Yuri Ivanovich Sum,
INT: Can you say...
TG: Now Biss...
INT: ... where you were in the recruitment... early stages?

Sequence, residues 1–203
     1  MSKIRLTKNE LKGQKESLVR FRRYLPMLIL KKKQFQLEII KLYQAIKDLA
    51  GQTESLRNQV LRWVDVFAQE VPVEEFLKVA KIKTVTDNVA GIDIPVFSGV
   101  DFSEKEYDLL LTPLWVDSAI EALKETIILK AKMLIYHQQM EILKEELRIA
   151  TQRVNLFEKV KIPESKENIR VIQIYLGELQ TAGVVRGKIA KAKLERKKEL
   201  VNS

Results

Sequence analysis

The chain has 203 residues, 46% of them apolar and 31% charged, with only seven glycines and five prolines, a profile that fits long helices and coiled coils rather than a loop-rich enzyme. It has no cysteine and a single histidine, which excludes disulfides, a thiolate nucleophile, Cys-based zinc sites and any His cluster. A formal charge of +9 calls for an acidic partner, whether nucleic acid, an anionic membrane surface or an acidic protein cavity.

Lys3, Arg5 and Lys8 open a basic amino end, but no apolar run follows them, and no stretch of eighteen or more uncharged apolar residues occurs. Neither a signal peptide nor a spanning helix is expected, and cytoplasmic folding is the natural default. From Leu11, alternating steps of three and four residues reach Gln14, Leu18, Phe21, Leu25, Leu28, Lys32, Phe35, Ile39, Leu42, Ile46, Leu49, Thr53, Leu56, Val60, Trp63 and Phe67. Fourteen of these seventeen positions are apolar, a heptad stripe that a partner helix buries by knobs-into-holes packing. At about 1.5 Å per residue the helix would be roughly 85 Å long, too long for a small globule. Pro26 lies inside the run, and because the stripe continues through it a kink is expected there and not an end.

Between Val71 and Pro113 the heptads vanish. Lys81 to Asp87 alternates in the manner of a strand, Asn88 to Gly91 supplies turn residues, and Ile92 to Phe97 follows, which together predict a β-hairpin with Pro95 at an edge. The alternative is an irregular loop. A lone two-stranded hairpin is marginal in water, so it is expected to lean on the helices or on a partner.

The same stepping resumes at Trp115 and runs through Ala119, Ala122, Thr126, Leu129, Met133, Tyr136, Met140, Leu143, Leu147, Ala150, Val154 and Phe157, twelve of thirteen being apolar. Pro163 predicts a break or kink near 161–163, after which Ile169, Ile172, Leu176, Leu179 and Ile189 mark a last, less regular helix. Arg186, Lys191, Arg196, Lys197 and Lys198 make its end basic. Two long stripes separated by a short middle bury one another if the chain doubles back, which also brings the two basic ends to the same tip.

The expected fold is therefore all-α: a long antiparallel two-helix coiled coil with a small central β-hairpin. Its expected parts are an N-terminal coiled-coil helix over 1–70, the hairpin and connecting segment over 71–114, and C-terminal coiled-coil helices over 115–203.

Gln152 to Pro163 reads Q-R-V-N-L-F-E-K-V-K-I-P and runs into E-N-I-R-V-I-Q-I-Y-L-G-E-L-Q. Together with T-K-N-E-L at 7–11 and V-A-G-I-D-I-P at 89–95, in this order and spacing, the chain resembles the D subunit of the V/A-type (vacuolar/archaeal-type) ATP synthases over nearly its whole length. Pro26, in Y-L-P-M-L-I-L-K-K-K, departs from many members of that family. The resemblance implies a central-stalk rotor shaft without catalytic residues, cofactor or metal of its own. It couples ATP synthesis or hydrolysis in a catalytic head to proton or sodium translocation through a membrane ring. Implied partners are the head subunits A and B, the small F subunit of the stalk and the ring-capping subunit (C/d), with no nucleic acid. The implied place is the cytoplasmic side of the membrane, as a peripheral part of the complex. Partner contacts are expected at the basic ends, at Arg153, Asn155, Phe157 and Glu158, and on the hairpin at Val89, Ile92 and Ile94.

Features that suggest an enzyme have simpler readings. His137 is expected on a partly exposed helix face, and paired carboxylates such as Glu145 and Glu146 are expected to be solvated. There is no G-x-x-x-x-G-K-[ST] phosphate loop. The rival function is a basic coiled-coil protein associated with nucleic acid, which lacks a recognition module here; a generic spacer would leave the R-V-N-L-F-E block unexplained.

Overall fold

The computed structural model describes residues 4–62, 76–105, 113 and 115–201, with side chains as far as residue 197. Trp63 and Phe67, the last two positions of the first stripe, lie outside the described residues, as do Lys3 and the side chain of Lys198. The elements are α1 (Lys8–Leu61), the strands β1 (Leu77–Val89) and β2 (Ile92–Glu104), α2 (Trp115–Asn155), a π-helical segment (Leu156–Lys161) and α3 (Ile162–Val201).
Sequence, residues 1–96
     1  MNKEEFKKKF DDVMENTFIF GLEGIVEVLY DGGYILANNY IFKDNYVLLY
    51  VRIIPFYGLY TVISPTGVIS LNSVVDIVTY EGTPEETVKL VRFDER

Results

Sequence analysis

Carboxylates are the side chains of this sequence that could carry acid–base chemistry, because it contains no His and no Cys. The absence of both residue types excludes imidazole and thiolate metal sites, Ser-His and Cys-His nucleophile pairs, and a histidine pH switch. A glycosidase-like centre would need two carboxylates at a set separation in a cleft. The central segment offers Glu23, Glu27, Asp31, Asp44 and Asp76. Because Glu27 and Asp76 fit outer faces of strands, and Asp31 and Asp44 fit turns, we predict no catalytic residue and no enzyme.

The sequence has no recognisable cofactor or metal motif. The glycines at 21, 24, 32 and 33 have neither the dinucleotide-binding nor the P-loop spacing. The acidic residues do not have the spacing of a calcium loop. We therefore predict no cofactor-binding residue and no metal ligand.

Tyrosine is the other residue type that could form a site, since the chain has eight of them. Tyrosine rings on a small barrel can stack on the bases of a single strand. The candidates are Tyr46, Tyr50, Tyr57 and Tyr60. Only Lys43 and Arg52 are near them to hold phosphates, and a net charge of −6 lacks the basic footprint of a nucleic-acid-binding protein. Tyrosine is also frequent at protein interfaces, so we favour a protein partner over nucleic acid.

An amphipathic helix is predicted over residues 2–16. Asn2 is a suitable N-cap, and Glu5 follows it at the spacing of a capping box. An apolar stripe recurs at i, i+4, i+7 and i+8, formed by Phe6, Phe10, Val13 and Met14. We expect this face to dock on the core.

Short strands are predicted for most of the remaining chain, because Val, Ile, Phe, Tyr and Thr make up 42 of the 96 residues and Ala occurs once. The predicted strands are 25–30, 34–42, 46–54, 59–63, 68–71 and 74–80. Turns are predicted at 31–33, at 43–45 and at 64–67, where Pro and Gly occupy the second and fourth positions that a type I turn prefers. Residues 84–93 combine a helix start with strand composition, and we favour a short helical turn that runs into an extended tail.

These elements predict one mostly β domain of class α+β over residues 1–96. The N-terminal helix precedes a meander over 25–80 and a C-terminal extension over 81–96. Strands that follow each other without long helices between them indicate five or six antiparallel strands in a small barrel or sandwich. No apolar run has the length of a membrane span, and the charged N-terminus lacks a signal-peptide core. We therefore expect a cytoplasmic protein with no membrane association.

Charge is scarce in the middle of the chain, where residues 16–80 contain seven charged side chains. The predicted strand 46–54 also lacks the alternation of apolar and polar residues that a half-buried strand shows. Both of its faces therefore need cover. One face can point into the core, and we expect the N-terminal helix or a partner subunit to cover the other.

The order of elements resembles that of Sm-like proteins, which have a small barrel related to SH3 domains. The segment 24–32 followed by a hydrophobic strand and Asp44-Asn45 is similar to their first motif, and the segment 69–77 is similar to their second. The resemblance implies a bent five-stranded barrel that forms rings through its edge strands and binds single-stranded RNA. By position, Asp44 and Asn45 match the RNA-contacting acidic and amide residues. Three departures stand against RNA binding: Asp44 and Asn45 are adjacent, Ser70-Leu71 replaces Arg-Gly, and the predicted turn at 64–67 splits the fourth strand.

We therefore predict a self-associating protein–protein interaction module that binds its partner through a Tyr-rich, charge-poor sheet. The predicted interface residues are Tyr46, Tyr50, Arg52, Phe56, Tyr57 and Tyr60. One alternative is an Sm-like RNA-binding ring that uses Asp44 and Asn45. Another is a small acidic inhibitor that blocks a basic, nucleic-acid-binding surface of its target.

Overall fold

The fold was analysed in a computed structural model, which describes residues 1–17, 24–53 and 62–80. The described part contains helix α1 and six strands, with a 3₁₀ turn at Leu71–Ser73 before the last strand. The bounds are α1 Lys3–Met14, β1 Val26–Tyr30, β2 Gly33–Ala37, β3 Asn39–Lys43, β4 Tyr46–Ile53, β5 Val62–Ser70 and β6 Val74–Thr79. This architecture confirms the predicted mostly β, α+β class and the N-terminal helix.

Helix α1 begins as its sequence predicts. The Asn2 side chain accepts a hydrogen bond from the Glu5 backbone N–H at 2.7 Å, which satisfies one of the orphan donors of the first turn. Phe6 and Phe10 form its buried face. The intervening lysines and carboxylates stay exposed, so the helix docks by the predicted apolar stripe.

TG: I had gotten to know Dick Bissell while I was working for Congress, during the summer and fall of 1947, because the Administration, the Truman Administration, as part of its own planning for the Marshall Plan, had appointed two committees of citizens, prominent citizens; one under Averell Harriman, to examine the impact of the programme on the American economy; and another under the Secretary of the Interior, a man named Krug, to evaluate the commodity impact - that is, could the United States afford to export as much wheat, as much steel and so on, as would be required under the Plan? Dick Bissell took leave from MIT to be the stdirector of the Harriman Committee, and as part of that, the The staff of the Harriman Committee worked closely with the staff of the Herter Committee on the Hill, so I'd gotten to know Dick Bissell then. And at the end of the Harriman work, which was in November of '47, he went back to MIT; and then Paul Hoffman called him back and... to come back in April, to be assistant administrator of the programme. Dick Bissell got in touch with me and asked me if I would like to be his assistant, and I said, "There's nothing in the world I'd like better than to be your assistant," and so I became his assistant. And... it was wonderful working for him; it was the most intellectual challenge I have ever had, was working for a man like that, whose mind was so quick and who saw so many ramifications of things and so on. And we got to be quite friendly, because he trusted me, and he delegated a lot of responsibility to me; and I was the channel through which people brought new ideas to him, because he was an extremely busy man. And we used to go to Paris every month. The OECD... OEEC, top council of the organisation, which were the heads of all the member countries' delegations, (Clears throat) met once a month to discuss top policy questions confronting the OEEC, and Dick Bissell would come from Washington to attend that meeting, along with Averell Harriman who was the head of the Paris office of the OEEC. And the only staff member that Bissell ever brought with him at those monthly meetings was me - I used to carry his briefcase to the... and I was in on some of the most extraordinary discussions. Harriman had appointed as head of the programme - that is, a sort of a counterpart to Dick Bissell - in the Paris office, for the first year, a man who was not qualified for the job, and who did very poorly, and the Europeans very soon decided that they couldn't work with him, and they bypassed him and they started dealing directly with Bissell. And when we would come over every month to the council meeting... The Secretary General of the OEEC was a French economist named Marjolin, who was a very well-known French economist, and a protege of Jean Monet; and he would arrange a dinner the night before the council meeting, just for Bissell, not from anyone... not for Harriman or anyone from Harriman's staff, and Bissell and I were the only Americans at that dinner, and it would consist of Sir Edmund Hall-Patch, who was head of the British delegation, and Eric Rowell who was the second in command, the head of the French delegation, the head of the Italian delegation, and the head of the Dutch delegation - just those people - and the dinner was always at Lucas Carton, which was then, in those days, a three-star restaurant on the Place de la Madeleine. And it was a very open, frank meeting, and many of the most important decisions of the Marshall Plan were made at those dinners. And then Bissell and I would go back to Washington, and it was my job then to inform various people on our staff of what had been decided and so on. And we would also meet with Harriman and his people - and I'll tell you another story. The French Government had made available one of the buildings which it owned on the Rue de Rivoli, right where the Rue de Rivoli comes into the Place de la Concorde, known as the Hotel